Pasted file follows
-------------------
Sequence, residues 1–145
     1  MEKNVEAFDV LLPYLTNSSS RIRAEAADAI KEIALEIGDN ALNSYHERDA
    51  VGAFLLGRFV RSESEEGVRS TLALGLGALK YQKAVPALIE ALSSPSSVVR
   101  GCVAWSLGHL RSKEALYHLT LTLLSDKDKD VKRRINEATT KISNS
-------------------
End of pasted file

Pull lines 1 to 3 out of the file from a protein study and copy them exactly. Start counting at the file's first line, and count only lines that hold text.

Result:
Sequence, residues 1–145
     1  MEKNVEAFDV LLPYLTNSSS RIRAEAADAI KEIALEIGDN ALNSYHERDA
    51  VGAFLLGRFV RSESEEGVRS TLALGLGALK YQKAVPALIE ALSSPSSVVR